It was like that, 1947. The year of independence, newspapers had announced. The year of the wandering dead, my mother called it: a million murdered, six million homeless. 

It's that time again.

South Wimbledon, 1982
We left Bangladesh seven years ago, just after the first military coup.
Sometimes it feels like yesterday: I can still hear Sheikh Mujibur Rehman’s voice thundering across the Ramna Race Course in Dhaka. This time the struggle is for our freedom. We had stood there in that swelling crowd, glowing with pride and hope.
Sometimes it feels like we have been here forever. Like all I have known is these long winters, the measured sunshine and the clean, even sounds of this language, English, which I teach all day.

In the evenings, I try to teach Akram Bangla. But it can’t be a real language, he says sometimes: it is not taught in school and none of his friends speak it. My mother cried when she heard that. What did your brothers die for?
But Bangla should not be a language of martyrs and tears for Akram. So I tell him stories from the magic kingdom where honeybees light up the earth by night and demon tigers save mangrove forests.
I tell him the password to enter this kingdom is in Bangla, and it will be lost forever if no one learns Bangla.

Dhaka, 1987
No, Amma, I am not being reckless. There will be thousands of us on the streets today. We need to act. How long can things go on this way?

It’s not just for the politicians, the professors. It’s up to me, too. All we are asking is fresh, fair elections and a neutral, caretaker government. Military rule was not meant to last.
It isn’t enough that your brothers fought for this country sixteen years ago; we have to do it again today.

Don’t say that, Amma. It does matter.
We live in fear everyday. Everyday you wonder whether Abba will reach home. Everyday you wake up scared of arrests.

It shouldn’t be that way, Amma.
Fear should not be the language you speak. Not in your land, the land you helped build.
Look around, Amma. It is a time for beginnings. Look: around us earth rises again, green and ripe and firm.
The Buriganga becomes younger; all the rivers return, tame – the monsoon is over. Even the flowers dare to bloom. It is autumn, Amma. In our country, autumn belongs to the youth.

We will win. If not tomorrow, soon.
Now, go home before the protests begin. Allah Hafiz.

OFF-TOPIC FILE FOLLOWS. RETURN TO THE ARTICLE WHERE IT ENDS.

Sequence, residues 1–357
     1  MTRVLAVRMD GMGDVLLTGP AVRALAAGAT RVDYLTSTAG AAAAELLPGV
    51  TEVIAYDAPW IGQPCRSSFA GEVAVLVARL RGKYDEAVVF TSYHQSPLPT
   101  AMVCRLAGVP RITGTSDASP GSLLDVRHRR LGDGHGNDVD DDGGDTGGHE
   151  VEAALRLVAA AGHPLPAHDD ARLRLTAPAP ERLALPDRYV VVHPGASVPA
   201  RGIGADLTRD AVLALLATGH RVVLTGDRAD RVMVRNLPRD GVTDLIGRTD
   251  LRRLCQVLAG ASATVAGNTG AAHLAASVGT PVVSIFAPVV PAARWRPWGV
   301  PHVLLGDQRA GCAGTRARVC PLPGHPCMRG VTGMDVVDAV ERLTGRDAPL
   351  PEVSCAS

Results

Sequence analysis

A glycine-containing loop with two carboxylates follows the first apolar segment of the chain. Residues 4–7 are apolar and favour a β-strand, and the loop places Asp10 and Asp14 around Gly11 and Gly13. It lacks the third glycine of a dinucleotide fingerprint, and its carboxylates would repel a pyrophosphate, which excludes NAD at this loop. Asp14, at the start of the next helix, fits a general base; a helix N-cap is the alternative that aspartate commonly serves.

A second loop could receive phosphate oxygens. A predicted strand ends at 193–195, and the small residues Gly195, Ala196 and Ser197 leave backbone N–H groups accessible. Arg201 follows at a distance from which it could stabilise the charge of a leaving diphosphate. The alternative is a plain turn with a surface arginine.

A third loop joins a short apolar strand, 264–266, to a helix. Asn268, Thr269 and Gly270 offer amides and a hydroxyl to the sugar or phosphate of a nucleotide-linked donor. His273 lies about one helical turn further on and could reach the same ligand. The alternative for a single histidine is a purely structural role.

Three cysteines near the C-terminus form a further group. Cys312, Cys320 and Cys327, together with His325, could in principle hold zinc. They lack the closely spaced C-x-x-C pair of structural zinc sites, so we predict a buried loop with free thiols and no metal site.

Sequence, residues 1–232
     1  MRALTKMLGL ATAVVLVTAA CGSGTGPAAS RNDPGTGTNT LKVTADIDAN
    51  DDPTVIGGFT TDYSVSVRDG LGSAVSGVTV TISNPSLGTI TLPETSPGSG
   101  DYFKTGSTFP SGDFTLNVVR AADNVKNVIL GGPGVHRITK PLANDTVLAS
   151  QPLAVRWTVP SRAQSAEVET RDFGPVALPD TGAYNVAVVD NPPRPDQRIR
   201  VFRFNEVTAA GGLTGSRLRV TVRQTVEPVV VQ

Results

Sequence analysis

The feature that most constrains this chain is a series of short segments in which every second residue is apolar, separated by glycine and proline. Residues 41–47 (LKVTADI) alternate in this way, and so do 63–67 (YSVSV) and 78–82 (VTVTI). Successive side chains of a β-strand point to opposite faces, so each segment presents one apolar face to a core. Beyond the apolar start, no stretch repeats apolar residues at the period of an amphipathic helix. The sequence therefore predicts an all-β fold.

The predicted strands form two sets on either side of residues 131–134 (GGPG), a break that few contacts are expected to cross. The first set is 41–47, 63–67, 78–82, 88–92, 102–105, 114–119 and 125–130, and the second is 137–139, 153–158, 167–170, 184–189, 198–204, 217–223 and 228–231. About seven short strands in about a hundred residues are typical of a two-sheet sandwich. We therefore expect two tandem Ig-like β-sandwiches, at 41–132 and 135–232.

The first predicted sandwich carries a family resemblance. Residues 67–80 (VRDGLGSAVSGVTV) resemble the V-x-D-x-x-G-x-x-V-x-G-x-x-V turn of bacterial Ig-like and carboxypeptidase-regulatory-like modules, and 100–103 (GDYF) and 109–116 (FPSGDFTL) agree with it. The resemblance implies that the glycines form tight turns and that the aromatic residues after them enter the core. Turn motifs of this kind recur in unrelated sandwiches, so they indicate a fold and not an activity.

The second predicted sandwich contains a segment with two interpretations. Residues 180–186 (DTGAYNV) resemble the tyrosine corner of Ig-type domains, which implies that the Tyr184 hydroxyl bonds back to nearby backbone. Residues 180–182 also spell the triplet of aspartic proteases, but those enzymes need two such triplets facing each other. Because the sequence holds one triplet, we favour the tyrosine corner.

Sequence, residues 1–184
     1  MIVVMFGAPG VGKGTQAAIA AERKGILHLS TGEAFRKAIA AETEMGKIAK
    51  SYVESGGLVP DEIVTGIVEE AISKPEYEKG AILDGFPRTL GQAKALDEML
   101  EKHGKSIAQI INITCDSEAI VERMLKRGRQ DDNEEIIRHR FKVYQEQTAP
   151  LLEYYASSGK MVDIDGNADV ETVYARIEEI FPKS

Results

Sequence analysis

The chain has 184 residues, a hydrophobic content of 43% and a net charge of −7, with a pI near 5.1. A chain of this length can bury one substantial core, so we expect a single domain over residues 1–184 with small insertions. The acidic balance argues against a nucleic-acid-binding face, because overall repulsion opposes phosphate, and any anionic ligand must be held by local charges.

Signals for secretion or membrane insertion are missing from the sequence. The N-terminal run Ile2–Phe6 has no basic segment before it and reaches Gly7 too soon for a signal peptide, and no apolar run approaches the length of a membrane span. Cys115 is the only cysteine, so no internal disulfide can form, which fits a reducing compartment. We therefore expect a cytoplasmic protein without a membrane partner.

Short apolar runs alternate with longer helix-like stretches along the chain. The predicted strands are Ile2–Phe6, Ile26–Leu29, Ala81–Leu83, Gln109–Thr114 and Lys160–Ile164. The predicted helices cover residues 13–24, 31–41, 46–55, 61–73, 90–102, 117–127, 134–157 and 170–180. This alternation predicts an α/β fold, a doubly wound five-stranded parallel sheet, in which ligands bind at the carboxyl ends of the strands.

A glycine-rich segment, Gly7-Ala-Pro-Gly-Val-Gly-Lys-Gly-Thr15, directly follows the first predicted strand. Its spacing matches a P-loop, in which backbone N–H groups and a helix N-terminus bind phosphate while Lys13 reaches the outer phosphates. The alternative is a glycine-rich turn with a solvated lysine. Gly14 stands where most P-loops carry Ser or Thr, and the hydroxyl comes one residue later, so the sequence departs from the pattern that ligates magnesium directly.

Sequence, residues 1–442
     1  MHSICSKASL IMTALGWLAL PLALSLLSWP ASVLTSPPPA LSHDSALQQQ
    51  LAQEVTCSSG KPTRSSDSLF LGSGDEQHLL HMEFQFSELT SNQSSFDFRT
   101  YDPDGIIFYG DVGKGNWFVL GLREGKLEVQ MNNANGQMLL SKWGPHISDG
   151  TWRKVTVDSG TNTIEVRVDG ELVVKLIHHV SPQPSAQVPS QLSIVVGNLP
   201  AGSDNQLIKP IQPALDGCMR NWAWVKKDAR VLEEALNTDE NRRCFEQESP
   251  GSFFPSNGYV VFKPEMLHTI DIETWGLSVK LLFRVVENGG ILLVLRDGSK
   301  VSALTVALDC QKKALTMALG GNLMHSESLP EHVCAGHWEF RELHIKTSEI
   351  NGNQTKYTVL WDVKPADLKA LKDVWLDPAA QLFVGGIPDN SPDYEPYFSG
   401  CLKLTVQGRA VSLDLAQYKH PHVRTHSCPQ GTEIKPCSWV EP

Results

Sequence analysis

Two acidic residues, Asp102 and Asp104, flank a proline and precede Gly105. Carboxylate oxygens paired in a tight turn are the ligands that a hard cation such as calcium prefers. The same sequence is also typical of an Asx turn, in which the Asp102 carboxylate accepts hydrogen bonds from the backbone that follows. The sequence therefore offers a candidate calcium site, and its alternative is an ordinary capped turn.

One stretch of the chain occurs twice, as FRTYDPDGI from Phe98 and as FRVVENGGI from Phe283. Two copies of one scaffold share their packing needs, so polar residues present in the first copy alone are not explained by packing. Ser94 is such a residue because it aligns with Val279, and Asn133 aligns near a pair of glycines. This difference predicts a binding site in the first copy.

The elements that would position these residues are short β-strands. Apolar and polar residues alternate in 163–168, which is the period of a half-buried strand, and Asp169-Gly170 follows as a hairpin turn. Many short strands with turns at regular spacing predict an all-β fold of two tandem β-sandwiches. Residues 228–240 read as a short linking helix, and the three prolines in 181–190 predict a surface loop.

Lyon, 1999
The rivers. That’s what I miss most. I lived there for two years, and I am happy to be back, don’t get me wrong. When did you go last? Yeah, I was there for work. But the rivers, mate. The Jamuna, Padma, Buriganga… They blew me away. At first, it was just water, right. Everywhere. I’d go for field trips to Porabori and there was a fisherman there, Jibenda, who’d row me across the Jamuna? He used to talk to her, yeah, to the river. Weird, huh? Thing is, my granddad was a fisherman in Finistère, he liked to talk to the sea, and suddenly, Bangladesh got closer home? Jibenda showed me amazing stuff. Like how the rivers are like gods, they can do anything. Rewrite maps. Swallow land and spit it out. Tear away acres of fields and bang! you get a new island or settlement a hundred miles down. Nothing ever stays the same, no straight lines, no stops, no rules. But the people, mate, the people just adapt. They build their homes and when their land goes under, they move to another patch and just rebuild. They’re survivors, mate. They’ll be here even after we’ve nuked ourselves to kingdom come.

Chittagong Hill Tracts (CHT), 2009
There’s this guy calling our Tech Support hotline these days. He doesn’t know nuts about configuring the planner on his phone and claims that’s totally messed up his life. He introduced himself as British-Bangladeshi, so I said I was Bangladeshi too. He suddenly went ballistic about syncing. Yelled and swore and said do you know who I am? I am world famous. I dance at the Sydney Opera House. Who cares? It’s not like he’s Lady Gaga!

Anyway, I fixed his life. He called back to thank me. In Bangla. I just froze him. Imagine speaking in Bangla to me, to a Jumma? Dork. But it turned out he didn’t even know about Jumma! Nothing, not about the minority communities, the massacres in CHT, not even about other languages in Bangladesh. His uncles had fought to free Bangladesh, he said, way back. Cool, I replied, mine are still fighting for Bangladesh. Not all of us are free yet, to speak our language or till our land or visit our gods.

How on earth do they get to be so rich and powerful when they know so little?